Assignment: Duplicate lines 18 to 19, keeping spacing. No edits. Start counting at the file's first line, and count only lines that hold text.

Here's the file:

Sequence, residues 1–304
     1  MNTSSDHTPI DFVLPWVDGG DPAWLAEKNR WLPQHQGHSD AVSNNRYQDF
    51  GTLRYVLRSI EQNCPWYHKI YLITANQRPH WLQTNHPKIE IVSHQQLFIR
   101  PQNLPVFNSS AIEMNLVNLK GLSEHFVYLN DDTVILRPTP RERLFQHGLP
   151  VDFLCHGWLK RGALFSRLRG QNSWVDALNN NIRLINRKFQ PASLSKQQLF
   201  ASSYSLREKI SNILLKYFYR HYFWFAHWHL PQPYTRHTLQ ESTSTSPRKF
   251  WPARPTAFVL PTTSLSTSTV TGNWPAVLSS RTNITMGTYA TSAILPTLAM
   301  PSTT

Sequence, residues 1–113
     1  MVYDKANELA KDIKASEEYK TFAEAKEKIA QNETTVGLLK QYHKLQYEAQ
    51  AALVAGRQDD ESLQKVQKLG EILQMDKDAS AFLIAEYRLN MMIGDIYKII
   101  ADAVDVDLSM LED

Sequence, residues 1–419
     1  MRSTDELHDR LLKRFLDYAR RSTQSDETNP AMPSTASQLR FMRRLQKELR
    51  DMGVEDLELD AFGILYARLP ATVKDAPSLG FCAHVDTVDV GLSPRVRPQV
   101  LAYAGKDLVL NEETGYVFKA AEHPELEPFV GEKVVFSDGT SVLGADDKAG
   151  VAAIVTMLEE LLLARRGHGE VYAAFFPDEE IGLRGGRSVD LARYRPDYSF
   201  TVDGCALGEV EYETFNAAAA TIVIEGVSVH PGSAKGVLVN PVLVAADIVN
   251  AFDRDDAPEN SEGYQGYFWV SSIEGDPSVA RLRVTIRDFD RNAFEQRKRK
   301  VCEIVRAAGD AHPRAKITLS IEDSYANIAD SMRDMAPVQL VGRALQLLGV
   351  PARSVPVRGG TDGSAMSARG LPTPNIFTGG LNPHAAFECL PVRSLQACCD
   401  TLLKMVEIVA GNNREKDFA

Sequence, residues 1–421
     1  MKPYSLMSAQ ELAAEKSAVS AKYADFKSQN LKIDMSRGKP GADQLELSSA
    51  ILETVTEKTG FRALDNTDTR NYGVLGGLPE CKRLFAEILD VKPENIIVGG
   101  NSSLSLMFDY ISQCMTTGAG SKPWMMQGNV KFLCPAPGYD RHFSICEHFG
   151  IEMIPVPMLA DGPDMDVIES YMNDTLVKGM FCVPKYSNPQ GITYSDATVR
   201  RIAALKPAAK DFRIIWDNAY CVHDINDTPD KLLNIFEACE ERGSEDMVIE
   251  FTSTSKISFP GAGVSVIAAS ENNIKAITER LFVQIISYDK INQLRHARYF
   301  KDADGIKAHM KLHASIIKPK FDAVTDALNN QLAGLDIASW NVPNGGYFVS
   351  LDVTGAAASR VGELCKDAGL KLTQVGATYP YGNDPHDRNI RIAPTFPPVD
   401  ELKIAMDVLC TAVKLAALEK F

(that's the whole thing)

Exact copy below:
   201  TVDGCALGEV EYETFNAAAA TIVIEGVSVH PGSAKGVLVN PVLVAADIVN
   251  AFDRDDAPEN SEGYQGYFWV SSIEGDPSVA RLRVTIRDFD RNAFEQRKRK